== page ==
Although the iconic Lockheed F-117 Nighthawk was officially retired from active service in 2008 but the U.S. Air Force is still flying the stealth aircraft at Tonopah Test Range (TTR). According to a few reports, Decade After F-117 Stealth Jets Retirement 51 Nighthawk Still Remain In Inventory.
The following interesting video is actually a compilation of photographs taken at TTR as two F-117s were flying together last month.
The accompanying radio comms give us some details about the mission flown on Oct. 8, 2019, by the two stealth jets.
One, aircraft, using radio callsign NIGHT 17 seems to be involved in some kind of test, while NIGHT 21 appears to be the chase plane.
As you can hear from the radio comms, it was a somehow busy sortie: as the aircraft performed some pattern activity with touch and gos and ILS approaches, NIGHT 17 suffered pressurization issues and then reported a gear warning light when in the visual pattern after a T&G.
Regardless of whether the mission was an airtest or a simple flight to keep the pilots current with the type, it’s always a pleasure to see the secretive Wobblin‘ Goblin in the air!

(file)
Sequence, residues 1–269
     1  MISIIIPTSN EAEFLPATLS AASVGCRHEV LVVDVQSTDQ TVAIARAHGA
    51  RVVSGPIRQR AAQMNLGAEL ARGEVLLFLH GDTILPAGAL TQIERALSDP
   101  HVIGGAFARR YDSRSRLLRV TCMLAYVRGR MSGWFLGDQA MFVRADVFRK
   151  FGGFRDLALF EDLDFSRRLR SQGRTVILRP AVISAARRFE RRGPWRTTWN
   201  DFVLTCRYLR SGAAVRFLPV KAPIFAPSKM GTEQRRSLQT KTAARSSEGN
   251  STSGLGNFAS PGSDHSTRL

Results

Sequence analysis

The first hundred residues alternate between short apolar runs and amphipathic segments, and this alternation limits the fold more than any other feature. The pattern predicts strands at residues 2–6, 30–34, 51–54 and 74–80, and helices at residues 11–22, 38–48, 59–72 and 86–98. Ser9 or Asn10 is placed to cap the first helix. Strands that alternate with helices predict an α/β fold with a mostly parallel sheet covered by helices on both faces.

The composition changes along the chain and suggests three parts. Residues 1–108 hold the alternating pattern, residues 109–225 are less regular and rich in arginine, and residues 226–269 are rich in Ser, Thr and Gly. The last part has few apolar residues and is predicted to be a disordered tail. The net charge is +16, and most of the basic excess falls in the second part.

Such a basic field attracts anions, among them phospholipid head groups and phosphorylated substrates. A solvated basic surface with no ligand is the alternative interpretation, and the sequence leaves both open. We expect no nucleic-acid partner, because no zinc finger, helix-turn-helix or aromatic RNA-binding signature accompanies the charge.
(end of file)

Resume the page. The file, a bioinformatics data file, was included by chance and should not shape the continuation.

The Lockheed F-117 Nighthawk is a retired American single-seat, twin-engine stealth attack aircraft that was developed by Lockheed’s secretive Skunk Works division and operated by the United States Air Force (USAF). The F-117 was based on the Have Blue technology demonstrator.
The Nighthawk was the first operational aircraft to be designed around stealth technology. Its maiden flight took place in 1981 at Groom Lake, Nevada, and the aircraft achieved initial operating capability status in 1983. The Nighthawk was shrouded in secrecy until it was revealed to the public in 1988. Of the 64 F-117s built, 59 were production versions, with the other five being prototypes.
Then, in 2017, the U.S. Air Force announced the decision to retire the fleet permanently, once and for all. In fact, “in accordance with the National Defense Authorization Act of 2017, passed Dec. 23, 2017 the Air Force will remove four F-117s every year to fully divest them — a process known as demilitarizing aircraft,” wrote Oriana Pawlyk last year. According to Pawlyk, one F-117 was scheduled to be divested this year and approximately four every year thereafter.